Unfortunately, the tern is losing some of its prime seacoast habitat. The land is disappearing due to erosion that may be made worse by climate change. Increasing atmospheric temperatures are linked to rising seas and more intense storms, which eat away at the shore.

Falkner Island, off the Connecticut coast in Long Island Sound, is home each spring to 40 to 50 pairs of nesting roseate terns – the only colony remaining in the state. Most of the terns nest on the north spit of the island, a sand and cobble environment.

Falkner Island is a unit of the Stewart B. McKinney National Wildlife Refuge in Connecticut. Refuge Manager Rick Potvin estimates that the island is losing about 300 to 400 square feet of land each year due to erosion. He predicts that in the next few years the north spit nesting area will revert to tidal zone and will become unsuitable habitat for breeding terns.


Florida: Climate Change and the People Factor

A deer reaches upwards to eat fruit

Florida is a unique ecosystem where subtropical wildlife and habitats mix with their cooler-counterparts. Where else could one find an endangered Key deer eating a red mangrove? Accelerating climate change is expected to throw off the delicate balance. Photo: USFWS

Video iconVideo: Scientists with the U.S. Fish and Wildlife Service discuss the effects climate change will have on the state of Florida, stressing the need to develop our science and methods of addressing this massive change.

Nowhere else, with the possible exception of Alaska, is climate change expected to be as dramatic as in Florida. The signs are already here. 

  • In the Florida Keys, just a half-foot rise in sea level over the last 100 years reduced the pine rockland forest on one island by two-thirds. The globally imperiled habitat is home to many plants and animals that exist nowhere else, including the endangered Key deer, a smaller cousin of the white-tailed deer.
  • Along the coasts, beaches are eroding from a combination of sea-level rise and storms, reducing the sea turtles’ nesting habitat.
  • Fifty years ago, sooty terns would arrive in April on Bush Key in the Dry Tortugas National Park, the largest U.S. nesting colony for the seabird. Now they arrive starting in late January.

Florida’s low elevation makes it especially susceptible to sea-level rise, and its fragile ecosystems are sensitive to changes in temperature and precipitation. Climate change is also expected to compound multiple threats already facing south Florida’s wildlife and habitat: habitat loss, droughts and competition with exotic species.

For the human population, sea-level rise could drastically affect drinking water supplies and flood protection. Sea water is already creeping into groundwater sources, and flooding is a regular occurrence in some coastal areas.

But as biologists and conservationists begin to grapple with how to safeguard wildlife as climate change accelerates, they need new tools. Most computer models and forecasts won’t do the job. That’s because people play a deciding role, altering ecosystems with new roads, buildings and other infrastructure.

People have to be factored in to future climate scenarios.


Texas: In Face of Climate Change, Coast Is Not Clear for Whooping Cranes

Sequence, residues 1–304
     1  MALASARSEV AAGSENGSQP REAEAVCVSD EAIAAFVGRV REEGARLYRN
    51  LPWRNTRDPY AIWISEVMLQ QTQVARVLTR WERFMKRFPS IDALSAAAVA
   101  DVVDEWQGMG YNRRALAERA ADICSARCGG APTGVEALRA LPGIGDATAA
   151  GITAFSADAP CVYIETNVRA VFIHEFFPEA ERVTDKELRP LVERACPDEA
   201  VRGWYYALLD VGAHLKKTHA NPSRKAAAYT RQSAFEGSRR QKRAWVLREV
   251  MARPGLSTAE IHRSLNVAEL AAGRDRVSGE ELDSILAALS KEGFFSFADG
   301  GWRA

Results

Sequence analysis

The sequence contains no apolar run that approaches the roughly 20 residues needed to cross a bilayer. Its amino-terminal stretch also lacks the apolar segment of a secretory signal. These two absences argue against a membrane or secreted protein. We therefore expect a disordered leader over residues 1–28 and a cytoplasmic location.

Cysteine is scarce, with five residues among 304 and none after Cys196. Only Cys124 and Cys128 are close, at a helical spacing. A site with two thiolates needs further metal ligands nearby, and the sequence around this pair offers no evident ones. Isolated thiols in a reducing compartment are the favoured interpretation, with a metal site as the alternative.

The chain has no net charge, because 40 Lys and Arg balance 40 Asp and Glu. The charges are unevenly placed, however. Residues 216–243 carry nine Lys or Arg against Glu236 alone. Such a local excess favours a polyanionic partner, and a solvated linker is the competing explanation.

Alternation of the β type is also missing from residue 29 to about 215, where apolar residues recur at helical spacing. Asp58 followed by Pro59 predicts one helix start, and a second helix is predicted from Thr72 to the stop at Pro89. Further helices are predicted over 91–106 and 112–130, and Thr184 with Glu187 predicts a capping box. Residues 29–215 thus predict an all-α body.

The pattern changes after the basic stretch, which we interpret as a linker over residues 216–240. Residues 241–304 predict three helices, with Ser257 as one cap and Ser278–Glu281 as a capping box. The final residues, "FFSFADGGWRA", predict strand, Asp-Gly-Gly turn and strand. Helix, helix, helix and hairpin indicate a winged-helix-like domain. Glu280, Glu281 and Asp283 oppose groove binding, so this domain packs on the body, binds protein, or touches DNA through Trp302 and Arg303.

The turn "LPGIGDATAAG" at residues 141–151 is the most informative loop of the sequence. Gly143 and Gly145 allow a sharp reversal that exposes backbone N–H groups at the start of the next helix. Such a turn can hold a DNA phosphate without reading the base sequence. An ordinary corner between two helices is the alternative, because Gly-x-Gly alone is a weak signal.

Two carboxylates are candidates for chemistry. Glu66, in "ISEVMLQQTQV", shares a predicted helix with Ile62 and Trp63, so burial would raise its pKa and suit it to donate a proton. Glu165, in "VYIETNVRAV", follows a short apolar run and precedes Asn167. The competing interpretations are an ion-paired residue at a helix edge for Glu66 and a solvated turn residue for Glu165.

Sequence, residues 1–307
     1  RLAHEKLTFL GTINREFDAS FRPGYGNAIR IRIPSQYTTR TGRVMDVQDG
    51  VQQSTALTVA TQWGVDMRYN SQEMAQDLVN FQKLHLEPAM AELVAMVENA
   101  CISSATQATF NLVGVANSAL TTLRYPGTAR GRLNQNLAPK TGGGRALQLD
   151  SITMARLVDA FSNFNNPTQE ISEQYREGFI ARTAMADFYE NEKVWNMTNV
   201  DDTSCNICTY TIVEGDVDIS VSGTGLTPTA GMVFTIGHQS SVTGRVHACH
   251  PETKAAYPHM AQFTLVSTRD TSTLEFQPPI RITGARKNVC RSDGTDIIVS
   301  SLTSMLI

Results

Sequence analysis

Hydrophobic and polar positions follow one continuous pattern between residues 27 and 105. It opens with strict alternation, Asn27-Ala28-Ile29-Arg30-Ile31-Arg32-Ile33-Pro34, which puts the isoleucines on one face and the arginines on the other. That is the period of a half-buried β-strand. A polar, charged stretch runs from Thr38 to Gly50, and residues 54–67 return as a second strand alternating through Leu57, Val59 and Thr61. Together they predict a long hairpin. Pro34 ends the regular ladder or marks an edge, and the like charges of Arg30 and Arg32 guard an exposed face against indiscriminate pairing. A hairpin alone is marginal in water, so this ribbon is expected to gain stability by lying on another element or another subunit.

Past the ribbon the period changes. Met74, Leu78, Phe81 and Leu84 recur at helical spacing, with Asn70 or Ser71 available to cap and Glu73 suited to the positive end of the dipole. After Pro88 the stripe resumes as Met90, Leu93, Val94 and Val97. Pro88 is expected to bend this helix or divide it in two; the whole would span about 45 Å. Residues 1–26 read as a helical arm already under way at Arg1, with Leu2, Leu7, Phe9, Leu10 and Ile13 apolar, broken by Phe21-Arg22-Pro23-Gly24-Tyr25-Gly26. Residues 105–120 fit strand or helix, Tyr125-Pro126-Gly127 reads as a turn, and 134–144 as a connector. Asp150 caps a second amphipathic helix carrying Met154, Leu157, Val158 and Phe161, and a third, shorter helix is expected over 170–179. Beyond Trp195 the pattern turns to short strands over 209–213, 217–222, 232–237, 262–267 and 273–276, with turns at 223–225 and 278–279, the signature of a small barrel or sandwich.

Two whooping cranes seem to be dancing across water as they take flight

A pair of whooping cranes skim over tidal marsh habitat at Aransas National Wildlife Refuge in Texas. Photo is for USFWS use only.

Video iconMultimedia: Video on YouTube; Podcast

Even though a record-breaking 281 whooping cranes wintered this past season at Aransas National Wildlife Refuge on the Gulf Coast of Texas, climate change is a major concern for the charismatic endangered species.

The primary threat to the cranes’ survival, according to Aransas Refuge manager Dan Alonso, is rapidly disappearing coastal habitat. Most of the habitat is being devoured by burgeoning real estate development along the Gulf of Mexico, but climate change is exacerbating the problem. A secondary concern related to climate change is the prospect of prolonged drought, which would reduce the flow of freshwater and leave marsh habitat unacceptably saline for cranes.

The Aransas Refuge population – the only natural flock of whooping cranes in North America – nests at Wood Buffalo National Park in Canada in spring and summer. From early fall to December, the cranes migrate in small groups to the Texas refuge. In early spring, they rush 2,500 miles back up to Canada in 15-16 days.


Mississippi: A Terrapin's View of Climate Change

Terrapin in profile

The Grand Bay National Estuarine Research Reserve is researching the diamondback terrapin turtle, whose habitat is likely to be inundated as the sea rises. Photo by Christina Mohrmann/Grand Bay NERR.

Photo iconPhotos: Terrapin photos on Flickr

The 10,216-acre Grand Bay National Wildlife Refuge is under threat from the very thing that gives it life – the Gulf of Mexico and its changing sea levels.

The refuge rests in a low-lying coastal area across state lines between Biloxi, Mississippi and Mobile, Alabama. Savannas cover the flatlands while bayous, marshes, and islands sprawl along the shoreline. Ospreys outnumber people.

The refuge is just inches above sea level. So is the adjoining Grand Bay National Estuarine Research Reserve, an 18,400-acre area funded by NOAA and administered by the State of Mississippi to promote estuarine research and education within the coastal zone.

It’s the home of the Mississippi diamondback terrapin, a feisty little water turtle that is slowly disappearing thanks to over-harvesting and habitat loss. The U.S. Fish and Wildlife Service has listed the terrapin as a species of concern, a sort of watch list for species in decline.